Without copying pasting oodles… roughly yes, they use a figure of a 1/3 combined gross income.
Less any loans, current mortgages or rental.

So of 3k a month gross income, you can use 1k towards a mortgage - less any loans etc…

found this…it may help…

How much can you borrow in France? To calculate how much you can very approximately borrow in Euros:-
Take your gross (joint) monthly earnings £/ Take 33% of this amount £/ Deduct any monthly mortgage or rent you pay £/ (You also need to add on all loan payments) £/____________ This figure is the approx. amount you can repay per month on a French Mortgage. £/ To calculate how much this is in Euros divide by the current £/ exchange rate Euro________ Quotes also involve many other factors including your age, your number of dependents, your employment type, your country of residence and citizenship will apply.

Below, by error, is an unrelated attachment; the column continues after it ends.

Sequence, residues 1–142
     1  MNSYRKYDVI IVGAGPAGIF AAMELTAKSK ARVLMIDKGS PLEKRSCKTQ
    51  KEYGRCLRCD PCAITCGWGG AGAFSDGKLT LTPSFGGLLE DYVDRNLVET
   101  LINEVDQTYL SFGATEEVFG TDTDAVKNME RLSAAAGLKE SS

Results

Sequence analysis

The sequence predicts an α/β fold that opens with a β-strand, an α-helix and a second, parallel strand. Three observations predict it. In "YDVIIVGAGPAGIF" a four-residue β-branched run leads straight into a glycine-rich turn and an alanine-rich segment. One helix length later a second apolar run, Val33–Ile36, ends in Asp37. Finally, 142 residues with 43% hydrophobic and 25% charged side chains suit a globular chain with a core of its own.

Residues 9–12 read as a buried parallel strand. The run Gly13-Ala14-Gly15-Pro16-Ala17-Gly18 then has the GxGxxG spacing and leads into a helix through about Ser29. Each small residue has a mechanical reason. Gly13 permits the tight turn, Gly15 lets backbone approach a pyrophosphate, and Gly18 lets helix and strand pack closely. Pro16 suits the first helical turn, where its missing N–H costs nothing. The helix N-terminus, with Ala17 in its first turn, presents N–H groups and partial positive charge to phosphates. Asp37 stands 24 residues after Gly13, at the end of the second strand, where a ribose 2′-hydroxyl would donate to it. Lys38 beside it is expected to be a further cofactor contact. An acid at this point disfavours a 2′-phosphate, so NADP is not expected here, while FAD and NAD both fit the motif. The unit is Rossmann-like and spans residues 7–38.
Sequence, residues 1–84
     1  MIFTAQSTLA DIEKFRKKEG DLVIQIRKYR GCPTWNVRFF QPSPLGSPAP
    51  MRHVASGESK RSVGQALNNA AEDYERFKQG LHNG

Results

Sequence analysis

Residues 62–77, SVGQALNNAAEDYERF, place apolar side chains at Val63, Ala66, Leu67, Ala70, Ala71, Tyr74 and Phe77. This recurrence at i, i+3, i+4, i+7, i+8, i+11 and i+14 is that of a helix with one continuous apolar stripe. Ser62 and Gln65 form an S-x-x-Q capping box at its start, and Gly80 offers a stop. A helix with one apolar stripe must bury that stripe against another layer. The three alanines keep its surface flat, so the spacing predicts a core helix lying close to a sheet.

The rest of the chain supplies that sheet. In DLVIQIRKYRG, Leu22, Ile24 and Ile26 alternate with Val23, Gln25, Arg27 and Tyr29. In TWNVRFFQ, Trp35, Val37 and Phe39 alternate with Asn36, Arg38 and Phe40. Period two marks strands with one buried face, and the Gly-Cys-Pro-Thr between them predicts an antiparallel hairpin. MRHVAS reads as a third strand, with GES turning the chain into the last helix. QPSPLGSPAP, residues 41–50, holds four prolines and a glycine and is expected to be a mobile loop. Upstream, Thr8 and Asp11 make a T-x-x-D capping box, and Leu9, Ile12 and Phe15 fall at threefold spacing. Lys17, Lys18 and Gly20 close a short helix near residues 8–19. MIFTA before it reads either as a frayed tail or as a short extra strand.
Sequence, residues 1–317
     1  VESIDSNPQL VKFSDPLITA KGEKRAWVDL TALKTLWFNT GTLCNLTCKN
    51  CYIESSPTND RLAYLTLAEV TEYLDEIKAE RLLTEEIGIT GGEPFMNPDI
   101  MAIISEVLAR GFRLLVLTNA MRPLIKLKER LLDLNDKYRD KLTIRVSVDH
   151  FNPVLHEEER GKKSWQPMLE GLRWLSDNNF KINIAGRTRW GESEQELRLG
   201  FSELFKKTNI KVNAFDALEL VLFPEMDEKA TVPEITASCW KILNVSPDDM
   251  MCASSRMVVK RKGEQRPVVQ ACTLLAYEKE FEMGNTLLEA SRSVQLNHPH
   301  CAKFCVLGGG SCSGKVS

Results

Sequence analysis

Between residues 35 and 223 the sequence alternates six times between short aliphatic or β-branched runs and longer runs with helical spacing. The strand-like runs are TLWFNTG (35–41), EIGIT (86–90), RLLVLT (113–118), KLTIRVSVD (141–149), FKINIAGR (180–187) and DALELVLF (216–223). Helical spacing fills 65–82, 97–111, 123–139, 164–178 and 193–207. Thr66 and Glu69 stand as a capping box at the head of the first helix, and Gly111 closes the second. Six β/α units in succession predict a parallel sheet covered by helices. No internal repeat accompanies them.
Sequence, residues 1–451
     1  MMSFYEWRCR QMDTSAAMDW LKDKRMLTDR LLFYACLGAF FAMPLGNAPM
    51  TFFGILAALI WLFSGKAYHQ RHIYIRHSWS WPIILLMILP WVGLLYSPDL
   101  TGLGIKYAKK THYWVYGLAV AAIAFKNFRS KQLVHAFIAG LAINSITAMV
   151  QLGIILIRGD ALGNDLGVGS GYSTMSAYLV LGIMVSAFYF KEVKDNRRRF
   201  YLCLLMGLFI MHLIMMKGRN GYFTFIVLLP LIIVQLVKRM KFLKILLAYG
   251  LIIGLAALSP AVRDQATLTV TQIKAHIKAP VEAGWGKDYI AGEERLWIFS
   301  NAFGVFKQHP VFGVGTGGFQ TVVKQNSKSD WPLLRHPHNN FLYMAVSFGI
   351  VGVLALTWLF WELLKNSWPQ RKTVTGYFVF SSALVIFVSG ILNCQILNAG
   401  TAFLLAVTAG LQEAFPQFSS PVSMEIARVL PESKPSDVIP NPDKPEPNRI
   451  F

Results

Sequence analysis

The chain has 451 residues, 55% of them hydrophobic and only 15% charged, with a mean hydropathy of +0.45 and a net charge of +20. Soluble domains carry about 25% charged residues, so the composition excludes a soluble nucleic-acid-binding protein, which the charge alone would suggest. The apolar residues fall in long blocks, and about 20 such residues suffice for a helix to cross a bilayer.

(Chloe Grice) #11

Thanks for the info @Glenn. It’s interesting to know that those are factors that are taken into account: that’s why they aren’t able to say you need to be earning ‘x’ amount for us to reconsider.

All we can do is just keep trying, I guess! Maybe our persistence will pay off; it seems to be the only way to get anything done here.

@Trevor, that was how we were looking at the sums: it made complete sense to us on paper. I wonder if there are banks who are more likely to favour us? We’re with Credit Agricole, but I’d be happy to move our account if necessary. Living in a house that the owner really needs to sell is a little stressful!

@Anna Although we wouldn’t be able to put aside money for a potential mortgage as well as paying our current rent, it’s good advice to keep our account looking healthy at least!

(stella wood) #12

Hi Chloe… has you landlord offered you the possibility of buying the house you are renting…???

(Chloe Grice) #13